These microgreens can be grown in systems of ranging complexity, depending on your abilities and goals. Anything from an ordinary flat, hand-watered kitchen tray, to an intricate aeroponic or nutrient film system with carefully controlled environments vertically arranged in shipping containers managed with state of the art technology.
Always start with seeds that are specifically bred for microgreen growing. These seeds have a low percentage of non-plant matter, and will not have been treated with fungicides or other chemicals. This is especially critical if you're planning on growing corn, pea, or spinach microgreens - crops whose seeds are typically sprayed with fungicide.
Hydroponic microgreens are best produced on a thin mat or capillary pad that holds the seed in place and retains some moisture for germination. You can even use Paper towel, sheet of rockwool or burlap, or even thin kitchen cloth. These can all be used to cheaply grow a clean, high-quality crop.
Some microgreen varieties have seeds that are mucilaginous, meaning that once wetted, the seed forms a thick, gelatine-like layer that holds moisture. Cress and basil are examples of mucilaginous seeds. They do not need to be pre-soaked before sowing.
As soon as the microgreen seeds germinate, they require light and nutrients to produce the highest quality product. Propagation lamps are great at this stage, so long as they don't release too much heat, as this can harm the tender foliage (read also: Hydroponic Seed Germination).
Once the seedling leaves (cotyledons) are visible,, the young plant is starting to photosynthesize and nutrients will be absorbed by the root system.
Usually, a general purpose seedling nutrient formula is enough for microgreen production. Application of the nutrient solution is followed by a period of drainage with the growing surface holding sufficient moisture around the roots between watering.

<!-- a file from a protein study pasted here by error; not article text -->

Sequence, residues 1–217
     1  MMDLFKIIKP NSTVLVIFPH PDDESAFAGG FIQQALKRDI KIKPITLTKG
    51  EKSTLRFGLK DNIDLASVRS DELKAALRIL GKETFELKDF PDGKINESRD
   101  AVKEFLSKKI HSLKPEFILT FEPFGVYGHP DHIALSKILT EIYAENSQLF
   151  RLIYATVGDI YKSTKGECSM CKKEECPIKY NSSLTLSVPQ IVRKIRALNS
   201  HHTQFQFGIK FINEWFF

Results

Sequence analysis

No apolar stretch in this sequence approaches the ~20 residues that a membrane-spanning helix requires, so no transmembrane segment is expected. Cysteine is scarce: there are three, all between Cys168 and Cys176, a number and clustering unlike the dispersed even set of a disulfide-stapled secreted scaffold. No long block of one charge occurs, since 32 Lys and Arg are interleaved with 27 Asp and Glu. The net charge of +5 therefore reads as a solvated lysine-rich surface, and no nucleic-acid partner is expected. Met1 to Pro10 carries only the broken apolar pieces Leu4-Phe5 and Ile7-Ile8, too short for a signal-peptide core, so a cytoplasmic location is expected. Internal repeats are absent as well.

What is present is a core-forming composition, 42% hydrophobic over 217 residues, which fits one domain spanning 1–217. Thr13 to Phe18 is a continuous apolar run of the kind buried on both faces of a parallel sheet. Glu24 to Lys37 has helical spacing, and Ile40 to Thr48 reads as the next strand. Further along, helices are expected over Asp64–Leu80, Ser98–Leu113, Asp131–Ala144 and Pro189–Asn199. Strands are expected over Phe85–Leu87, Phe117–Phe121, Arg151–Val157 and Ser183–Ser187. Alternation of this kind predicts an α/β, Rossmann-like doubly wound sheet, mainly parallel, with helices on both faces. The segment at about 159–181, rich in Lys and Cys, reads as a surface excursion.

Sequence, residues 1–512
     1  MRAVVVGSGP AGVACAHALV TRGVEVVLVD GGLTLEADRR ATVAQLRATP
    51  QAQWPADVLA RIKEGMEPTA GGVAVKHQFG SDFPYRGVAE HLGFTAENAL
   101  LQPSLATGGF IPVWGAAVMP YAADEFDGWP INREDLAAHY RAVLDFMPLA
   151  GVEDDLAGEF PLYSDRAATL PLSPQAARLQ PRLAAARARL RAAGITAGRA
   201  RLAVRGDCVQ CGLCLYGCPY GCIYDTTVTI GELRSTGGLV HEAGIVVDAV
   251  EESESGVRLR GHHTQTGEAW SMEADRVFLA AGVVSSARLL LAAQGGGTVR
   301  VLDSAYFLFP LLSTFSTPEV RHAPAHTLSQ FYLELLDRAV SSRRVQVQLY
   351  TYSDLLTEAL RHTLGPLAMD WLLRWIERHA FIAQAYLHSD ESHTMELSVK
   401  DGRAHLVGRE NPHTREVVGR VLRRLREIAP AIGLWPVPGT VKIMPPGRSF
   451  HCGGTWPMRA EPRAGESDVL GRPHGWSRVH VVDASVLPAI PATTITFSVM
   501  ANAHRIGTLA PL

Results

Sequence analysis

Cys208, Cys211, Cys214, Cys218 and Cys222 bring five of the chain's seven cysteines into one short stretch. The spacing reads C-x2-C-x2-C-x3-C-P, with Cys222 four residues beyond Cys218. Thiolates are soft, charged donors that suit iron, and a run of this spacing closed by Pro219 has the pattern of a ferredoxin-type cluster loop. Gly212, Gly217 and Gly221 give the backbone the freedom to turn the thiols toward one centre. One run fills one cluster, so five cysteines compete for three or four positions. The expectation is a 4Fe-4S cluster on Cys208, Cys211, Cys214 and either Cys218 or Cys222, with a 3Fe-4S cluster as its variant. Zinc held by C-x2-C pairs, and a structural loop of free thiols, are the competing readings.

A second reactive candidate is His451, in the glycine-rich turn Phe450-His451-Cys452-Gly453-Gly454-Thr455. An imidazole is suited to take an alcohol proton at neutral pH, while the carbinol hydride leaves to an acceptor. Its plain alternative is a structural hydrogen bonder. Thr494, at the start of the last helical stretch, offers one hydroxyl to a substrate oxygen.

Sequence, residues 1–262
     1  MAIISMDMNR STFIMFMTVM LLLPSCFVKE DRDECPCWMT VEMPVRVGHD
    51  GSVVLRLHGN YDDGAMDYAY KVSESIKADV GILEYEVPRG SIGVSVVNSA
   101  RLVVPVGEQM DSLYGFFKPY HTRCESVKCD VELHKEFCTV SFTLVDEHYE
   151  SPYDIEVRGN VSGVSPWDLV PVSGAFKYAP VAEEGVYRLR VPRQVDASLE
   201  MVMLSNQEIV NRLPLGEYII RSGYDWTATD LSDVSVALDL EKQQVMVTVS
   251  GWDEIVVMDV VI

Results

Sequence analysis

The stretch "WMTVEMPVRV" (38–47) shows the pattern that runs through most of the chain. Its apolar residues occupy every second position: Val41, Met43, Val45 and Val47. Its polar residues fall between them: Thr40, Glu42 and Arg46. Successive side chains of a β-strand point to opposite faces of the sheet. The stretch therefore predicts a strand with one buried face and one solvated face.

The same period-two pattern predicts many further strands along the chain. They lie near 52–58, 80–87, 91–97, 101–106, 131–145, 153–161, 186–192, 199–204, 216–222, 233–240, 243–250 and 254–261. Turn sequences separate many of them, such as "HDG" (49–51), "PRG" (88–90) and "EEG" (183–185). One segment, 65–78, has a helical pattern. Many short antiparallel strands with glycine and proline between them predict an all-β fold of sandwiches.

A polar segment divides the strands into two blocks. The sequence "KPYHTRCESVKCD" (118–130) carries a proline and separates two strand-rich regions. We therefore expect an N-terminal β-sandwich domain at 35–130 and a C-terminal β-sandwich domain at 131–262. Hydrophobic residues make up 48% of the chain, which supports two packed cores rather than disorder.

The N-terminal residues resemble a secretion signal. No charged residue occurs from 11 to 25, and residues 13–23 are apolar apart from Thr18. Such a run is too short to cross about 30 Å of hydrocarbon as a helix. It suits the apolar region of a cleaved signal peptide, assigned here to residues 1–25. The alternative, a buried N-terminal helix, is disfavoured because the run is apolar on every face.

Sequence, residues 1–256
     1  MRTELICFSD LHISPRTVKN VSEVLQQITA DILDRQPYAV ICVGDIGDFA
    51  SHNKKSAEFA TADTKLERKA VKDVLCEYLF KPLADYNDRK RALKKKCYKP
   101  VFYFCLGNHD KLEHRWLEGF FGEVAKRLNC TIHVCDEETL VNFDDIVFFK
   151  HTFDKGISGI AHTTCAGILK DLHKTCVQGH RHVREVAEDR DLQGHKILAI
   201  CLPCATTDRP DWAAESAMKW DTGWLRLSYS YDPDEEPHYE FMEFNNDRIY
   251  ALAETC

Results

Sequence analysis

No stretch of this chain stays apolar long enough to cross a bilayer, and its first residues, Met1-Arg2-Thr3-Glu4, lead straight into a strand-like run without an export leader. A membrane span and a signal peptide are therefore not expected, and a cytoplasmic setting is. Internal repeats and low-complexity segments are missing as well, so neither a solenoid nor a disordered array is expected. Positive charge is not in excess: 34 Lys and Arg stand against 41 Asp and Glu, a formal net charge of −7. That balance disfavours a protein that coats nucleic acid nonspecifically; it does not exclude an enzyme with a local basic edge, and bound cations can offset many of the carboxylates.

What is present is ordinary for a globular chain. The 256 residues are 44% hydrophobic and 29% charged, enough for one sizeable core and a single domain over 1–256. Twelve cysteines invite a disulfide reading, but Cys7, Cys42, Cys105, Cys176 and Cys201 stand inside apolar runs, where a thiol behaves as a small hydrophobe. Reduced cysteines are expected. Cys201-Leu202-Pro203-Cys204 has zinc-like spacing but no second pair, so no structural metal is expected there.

While hydroponic systems manage to mitigate several of the traditional ailments that soil-based crops face, they suffer from their own set-backs. One of the main issues microgreens face are rot and disease related to over watering or high humidity.
An environment in which there is too much water or humidity encourages bacterial and fungal growth on and around the plants. The solution for this is simple - simply creating some light air movement with the use of portable fans for example, can go a long way to dispelling stagnant moisture in the air.
Another problem microgreens face often is that they might grow too tall and bend downwards. This is an issue because it makes harvesting difficult. The simplest solution here is timing, and keeping an eye on the crops as they approach ideal harvesting height. Alternatively, look for seeds that are bred to remain on the shorter side.
In conclusion, growing microgreens hydroponically is a sensible, sustainable, and potentially profitable way to cultivate these plants. Hydroponics offer a host of benefits that traditional soil-based practices cannot come close to. They are also versatile enough to thrive equally well in both low-cost, low-input systems like a tank on the kitchen windowsill, and in high-tech, fully commercial urban hydroponic farm settings.
Cultivating microgreens in an indoor, vertical farm for example in a shipping container, can unlock a host of benefits for local communities, both in terms of food security, and accessibility to high quality, high nutrient density foods. If we are to meet the growing caloric demands of the growing global population by 2050, indoor hydroponic farming of microgreens - along with other plants - should be a serious consideration, especially in inner cities where food deserts are rampant, and healthy food is sold at a premium out of reach for many local inhabitants.